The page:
300 and Holy Terror creator Frank Miller expresses his thoughts about the Occupy movement on his blog.
Everybody's been too damn polite about this nonsense:
The "Occupy" movement, whether display
Most of the fun with trailer mashups comes from the unlikely juxtapositions, and it's hard to get more likely than Frank Miller's Sin City crossing with virtually the entire history of Disney animated films, including Beauty and the Beast, the Hunchback of Notre Dame, Sleeping Beauty, Aladdin, 101 Dalmatians and more.
Frank Miller's post-9/11 propaganda comic Holy Terror has been through a few changes. In 2006, it was announced as Holy Terror, Batman!, and was due to be a piece of DC comic that pitted Batman, one of the most popular comic book heroes ever, against Al-Qaeda, perpetrators of 9/11 as well as other terrorist attacks all around the world. Miller's logic was that since Captain America
I hate to admit it, but I'm more familiar with fictional comic book countries like Latveria, Santa Prisca or Canada than I am with the actual international politics of the real world. Today, however, something came across my desk that blurred the lines between fiction and reality in a way that I wasn't expecting: A series of photos in the Atlantic in which Rus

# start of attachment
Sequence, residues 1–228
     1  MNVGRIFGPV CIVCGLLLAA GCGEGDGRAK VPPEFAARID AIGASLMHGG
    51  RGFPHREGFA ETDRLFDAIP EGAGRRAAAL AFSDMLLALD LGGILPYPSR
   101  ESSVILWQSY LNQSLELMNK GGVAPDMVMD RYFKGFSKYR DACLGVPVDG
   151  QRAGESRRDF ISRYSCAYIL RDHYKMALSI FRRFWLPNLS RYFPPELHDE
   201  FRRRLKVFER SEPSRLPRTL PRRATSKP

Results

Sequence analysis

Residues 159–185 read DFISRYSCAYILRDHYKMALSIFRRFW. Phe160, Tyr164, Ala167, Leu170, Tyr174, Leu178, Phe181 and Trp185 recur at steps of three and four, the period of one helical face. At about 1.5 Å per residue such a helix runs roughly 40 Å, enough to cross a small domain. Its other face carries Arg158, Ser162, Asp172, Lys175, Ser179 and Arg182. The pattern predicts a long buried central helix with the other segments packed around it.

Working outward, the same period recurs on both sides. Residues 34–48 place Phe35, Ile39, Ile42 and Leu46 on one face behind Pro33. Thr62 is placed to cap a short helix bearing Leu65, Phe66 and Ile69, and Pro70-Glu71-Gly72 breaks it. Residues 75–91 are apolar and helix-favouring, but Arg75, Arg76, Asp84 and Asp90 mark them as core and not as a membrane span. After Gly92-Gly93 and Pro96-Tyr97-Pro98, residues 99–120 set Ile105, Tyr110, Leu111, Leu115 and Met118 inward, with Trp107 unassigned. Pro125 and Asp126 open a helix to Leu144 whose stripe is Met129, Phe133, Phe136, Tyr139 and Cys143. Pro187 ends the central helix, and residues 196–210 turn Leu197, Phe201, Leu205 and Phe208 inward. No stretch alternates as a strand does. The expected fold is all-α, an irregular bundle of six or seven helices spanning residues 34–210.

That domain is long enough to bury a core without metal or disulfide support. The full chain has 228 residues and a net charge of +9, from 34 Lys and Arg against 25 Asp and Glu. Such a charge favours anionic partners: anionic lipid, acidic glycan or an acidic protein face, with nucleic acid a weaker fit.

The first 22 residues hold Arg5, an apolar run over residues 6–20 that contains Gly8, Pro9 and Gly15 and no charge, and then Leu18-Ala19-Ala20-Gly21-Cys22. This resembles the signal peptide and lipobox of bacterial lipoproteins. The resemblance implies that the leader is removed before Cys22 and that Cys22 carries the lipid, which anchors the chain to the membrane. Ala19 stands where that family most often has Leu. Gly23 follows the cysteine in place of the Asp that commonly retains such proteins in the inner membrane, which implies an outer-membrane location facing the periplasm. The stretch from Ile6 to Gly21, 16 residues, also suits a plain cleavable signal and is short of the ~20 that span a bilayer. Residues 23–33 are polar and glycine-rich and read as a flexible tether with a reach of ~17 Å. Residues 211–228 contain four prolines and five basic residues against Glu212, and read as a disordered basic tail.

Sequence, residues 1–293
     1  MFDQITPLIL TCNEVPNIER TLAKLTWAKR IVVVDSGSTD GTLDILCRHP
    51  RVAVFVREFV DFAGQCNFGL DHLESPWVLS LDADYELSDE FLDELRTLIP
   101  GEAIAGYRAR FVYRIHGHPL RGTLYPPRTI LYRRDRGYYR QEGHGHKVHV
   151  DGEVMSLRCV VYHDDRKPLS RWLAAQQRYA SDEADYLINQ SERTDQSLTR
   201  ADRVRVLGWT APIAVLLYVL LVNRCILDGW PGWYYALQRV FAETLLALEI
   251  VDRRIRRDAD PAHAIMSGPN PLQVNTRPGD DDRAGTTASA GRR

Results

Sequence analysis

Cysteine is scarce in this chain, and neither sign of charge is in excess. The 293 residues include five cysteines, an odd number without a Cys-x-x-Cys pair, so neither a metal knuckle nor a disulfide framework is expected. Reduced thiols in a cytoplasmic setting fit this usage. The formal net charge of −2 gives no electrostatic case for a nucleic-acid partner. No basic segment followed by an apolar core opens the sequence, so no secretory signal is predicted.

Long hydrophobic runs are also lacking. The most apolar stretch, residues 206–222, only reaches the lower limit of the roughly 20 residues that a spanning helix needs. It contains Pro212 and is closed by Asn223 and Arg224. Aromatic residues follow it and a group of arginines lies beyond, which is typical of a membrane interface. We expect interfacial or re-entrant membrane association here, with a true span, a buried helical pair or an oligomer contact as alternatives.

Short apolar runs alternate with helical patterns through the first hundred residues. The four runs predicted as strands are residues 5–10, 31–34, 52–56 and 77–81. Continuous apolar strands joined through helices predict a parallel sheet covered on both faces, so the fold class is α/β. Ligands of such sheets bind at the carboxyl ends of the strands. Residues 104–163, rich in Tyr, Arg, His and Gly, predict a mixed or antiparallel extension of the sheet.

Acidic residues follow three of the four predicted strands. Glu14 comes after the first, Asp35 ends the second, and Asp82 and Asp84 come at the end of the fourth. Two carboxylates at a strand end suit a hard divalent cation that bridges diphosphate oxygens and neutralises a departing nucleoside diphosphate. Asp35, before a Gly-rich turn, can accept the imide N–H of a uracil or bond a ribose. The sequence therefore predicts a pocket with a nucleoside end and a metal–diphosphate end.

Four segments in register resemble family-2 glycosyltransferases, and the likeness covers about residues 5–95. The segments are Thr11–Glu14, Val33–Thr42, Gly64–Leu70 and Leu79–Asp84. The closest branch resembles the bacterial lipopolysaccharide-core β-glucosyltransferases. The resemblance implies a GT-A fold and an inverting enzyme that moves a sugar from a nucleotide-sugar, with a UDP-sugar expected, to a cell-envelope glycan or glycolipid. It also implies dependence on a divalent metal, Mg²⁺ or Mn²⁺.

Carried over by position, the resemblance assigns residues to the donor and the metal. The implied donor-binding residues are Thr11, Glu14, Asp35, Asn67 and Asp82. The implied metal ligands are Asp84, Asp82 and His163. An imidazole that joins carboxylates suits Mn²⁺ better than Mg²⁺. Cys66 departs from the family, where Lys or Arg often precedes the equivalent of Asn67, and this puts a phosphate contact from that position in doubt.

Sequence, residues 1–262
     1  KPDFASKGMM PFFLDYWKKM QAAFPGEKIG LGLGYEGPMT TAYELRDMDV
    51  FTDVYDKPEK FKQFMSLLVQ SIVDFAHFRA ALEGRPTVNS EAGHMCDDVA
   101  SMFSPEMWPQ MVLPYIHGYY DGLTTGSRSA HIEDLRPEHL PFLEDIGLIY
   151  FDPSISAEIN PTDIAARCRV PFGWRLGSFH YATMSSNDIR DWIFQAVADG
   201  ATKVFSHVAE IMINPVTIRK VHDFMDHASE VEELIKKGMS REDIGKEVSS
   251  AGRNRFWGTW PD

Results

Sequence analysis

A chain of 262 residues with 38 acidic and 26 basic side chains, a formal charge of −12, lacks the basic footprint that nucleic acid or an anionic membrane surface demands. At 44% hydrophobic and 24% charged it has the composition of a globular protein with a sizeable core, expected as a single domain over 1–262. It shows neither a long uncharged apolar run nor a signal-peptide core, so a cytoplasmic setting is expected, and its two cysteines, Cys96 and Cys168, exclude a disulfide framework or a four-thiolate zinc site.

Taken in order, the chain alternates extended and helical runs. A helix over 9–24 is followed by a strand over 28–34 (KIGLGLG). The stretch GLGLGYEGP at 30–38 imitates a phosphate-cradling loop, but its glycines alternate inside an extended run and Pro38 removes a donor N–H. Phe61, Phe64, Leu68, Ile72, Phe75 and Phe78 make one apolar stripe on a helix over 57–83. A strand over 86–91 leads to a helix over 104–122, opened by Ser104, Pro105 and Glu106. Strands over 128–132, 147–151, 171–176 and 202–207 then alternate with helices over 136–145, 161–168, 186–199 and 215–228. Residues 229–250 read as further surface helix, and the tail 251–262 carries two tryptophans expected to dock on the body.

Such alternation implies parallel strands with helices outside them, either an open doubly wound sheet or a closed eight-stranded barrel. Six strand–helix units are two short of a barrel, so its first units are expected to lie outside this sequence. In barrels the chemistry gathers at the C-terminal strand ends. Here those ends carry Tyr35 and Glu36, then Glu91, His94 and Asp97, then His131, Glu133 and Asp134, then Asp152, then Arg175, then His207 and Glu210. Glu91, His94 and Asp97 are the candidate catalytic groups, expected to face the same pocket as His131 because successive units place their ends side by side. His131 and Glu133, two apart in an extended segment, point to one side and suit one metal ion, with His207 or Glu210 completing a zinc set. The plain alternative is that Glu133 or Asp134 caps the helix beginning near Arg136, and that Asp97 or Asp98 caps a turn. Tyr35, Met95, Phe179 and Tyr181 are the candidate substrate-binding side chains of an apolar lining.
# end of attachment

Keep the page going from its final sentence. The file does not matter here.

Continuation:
Writer Frank Miller is easily the most significant author to touch Batman since Bob Kane and Bill Finger came up with the character in the 1930s. Batman as we understand him today is derived in large part from Miller's work, and that wouldn't be true if here hadn't struck gold in his interpretation of the Dark Knight.
Here at ComicsAlliance, we value our readership and are always open to what the masses of Internet readers have to say. That's every week, Senior Writer Chris Sims puts his comics culture knowledge to the test as he responds to your reader questions!
Q: Frank Miller says that Superman and Batman would never be friends. What do you have to say to that? -- @MagicLoveHose
A: As hard a